Multicultarising secularism through constitutional recognition of Adibashis
Thanks to the Supreme Court's judgment in the fifth amendment case, we are on board the ship of state, about to journey back to a secular Bangladesh. Anyone who believes in non-discrimination -- which is a peremptory norm of international human rights law -- cannot but be happy with this. We would, however, be living in a fool's paradise if we thought that we could return to that idyllic land that the framers of our Constitution dreamed of in 1972: a society free of "communalism (o-shamprodayikota) in all its forms" and one in which there is no "abuse of religion for political purposes" (original Article 12, Constitution of Bangladesh). Freedom from the various forms of 'communalism' (read racism) can only come if our Constitution not only gets back its stolen pillar of secularism, but is also supplemented with provisions that expressly, accurately and respectfully acknowledge the identities of the different peoples that have lived in Bangladesh since time immemorial.
Our secular heritage
No doubt, communalism -- or religion-based discrimination, or racism (especially where perpetrated through state power) -- was the greatest threat to social progress and democratic practices from 1947 to 1971, when we found ourselves huddled into the state of Pakistan, which had religious identity as its raison d'etre. Our tryst with 'Pakistanihood' was necessarily uncomfortable at best and stifling and oppressive at worst, because the legacy bequeathed to us by the forbears of our ancient heritage impelled us, as a society, to remain tolerant and multicultural. We could, and still do, recall the proud heritage of the multicultural and secular Bangladeshi rulers of the past: of the Buddhist Pala civilisation, the Hindu Sena rajas, the Muslim sultans and nawabs and Adibashi rajas and chiefs. Blood was spilt over land, wealth and people, but never over religion. The torch of secularism was carried, equally vigorously by so many of our poets and philosophers: from Lalon Fakir to Hasan Raja, Nazrul Islam to Shamsur Rahman.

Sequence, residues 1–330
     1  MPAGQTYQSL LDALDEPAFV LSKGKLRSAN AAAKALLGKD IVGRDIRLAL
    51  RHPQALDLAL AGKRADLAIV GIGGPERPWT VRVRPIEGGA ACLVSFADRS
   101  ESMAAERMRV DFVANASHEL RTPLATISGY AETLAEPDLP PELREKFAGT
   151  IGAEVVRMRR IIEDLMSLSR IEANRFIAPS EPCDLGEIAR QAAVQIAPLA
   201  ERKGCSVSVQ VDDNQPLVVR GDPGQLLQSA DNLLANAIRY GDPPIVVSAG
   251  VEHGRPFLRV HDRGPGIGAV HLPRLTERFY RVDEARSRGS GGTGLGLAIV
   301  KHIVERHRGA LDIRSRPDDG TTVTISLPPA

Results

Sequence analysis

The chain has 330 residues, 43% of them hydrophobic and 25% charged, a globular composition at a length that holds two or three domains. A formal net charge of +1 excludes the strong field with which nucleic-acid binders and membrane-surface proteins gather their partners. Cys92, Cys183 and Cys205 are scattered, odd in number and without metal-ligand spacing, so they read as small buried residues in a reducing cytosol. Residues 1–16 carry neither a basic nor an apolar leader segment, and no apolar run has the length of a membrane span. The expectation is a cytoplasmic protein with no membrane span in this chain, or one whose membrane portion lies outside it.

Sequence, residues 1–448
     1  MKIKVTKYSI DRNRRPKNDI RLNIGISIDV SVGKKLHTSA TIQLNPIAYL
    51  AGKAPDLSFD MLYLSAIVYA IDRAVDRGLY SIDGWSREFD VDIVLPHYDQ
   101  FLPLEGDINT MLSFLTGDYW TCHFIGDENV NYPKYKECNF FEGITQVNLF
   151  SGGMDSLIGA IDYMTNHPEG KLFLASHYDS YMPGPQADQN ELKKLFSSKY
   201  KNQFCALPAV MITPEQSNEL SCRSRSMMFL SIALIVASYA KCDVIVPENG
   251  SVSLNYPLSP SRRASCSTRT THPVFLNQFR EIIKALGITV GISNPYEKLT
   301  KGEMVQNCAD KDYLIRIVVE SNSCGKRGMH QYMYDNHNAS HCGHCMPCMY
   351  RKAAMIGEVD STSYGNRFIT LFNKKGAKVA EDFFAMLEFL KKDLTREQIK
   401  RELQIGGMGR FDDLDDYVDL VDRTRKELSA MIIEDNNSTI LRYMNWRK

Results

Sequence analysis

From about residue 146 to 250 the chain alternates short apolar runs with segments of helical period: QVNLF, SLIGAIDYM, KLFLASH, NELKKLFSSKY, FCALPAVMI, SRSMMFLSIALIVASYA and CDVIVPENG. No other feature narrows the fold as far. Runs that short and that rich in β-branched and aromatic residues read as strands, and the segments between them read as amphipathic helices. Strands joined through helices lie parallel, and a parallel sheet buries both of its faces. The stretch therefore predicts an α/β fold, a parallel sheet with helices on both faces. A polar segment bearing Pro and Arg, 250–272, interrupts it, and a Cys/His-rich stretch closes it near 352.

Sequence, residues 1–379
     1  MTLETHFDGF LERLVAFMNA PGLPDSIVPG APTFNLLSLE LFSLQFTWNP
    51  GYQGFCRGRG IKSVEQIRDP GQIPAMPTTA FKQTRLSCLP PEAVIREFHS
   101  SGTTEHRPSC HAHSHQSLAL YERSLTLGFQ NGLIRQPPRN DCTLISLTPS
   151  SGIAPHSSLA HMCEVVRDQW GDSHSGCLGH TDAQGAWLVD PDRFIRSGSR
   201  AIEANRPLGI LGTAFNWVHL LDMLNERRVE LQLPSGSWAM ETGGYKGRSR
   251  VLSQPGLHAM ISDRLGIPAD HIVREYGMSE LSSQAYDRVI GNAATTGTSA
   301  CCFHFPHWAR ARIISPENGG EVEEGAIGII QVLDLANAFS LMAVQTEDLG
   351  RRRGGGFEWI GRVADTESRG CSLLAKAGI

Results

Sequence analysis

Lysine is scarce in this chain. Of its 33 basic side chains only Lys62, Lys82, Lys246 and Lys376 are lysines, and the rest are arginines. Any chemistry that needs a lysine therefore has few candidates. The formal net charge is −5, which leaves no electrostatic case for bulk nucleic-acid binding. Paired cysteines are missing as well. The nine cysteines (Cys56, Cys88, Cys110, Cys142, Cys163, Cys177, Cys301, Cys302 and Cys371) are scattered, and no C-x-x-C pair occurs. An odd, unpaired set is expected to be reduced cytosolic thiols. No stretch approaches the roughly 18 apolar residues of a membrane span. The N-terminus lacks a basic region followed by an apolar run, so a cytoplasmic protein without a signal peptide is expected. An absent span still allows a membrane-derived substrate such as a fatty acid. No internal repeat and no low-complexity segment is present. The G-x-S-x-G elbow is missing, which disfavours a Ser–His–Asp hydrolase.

From 1972 to 2010
However, the circumstances of 2010 are so very different to those of 1972, at least in some very fundamental respects. In 1972, we were trying to rid ourselves of the hangover of a religion-based identity that purported to subsume the cultural identities of the different peoples of Bangladesh. The medicine given was secularism. It did make sense in many contexts. Or so some would say. But where it concerned the identity of those peoples who now choose to call themselves Adibashi, it was regarded as assimilative. We may recall Manobendra Narayan Larma's one-man walkout from the Constituent Assembly in 1972, when his demands of multiculturism fell upon deaf ears. Larma rejected the Constitution because the national identity that was espoused in 1972 was monocultural; oriented around an identity based upon Bangaleeness, which again minoritised the indigenous peoples; this time on account of ethnicity and language, rather than religion (while in 1947, it was religion). But let me come to that later.
For the full version of this article please read this month's Forum, available free with The Daily Star on November 1.Devasish Roy Wangza is the Chakma Raja and Chief of the Chakma Circle in the Chittagong Hill Tracts, an advocate at the Supreme Court of Bangladesh and a member-designate to the UN Permanent Forum on Indigenous Issues.Selected extracts from the November issue of Forum
courtesy: the daily star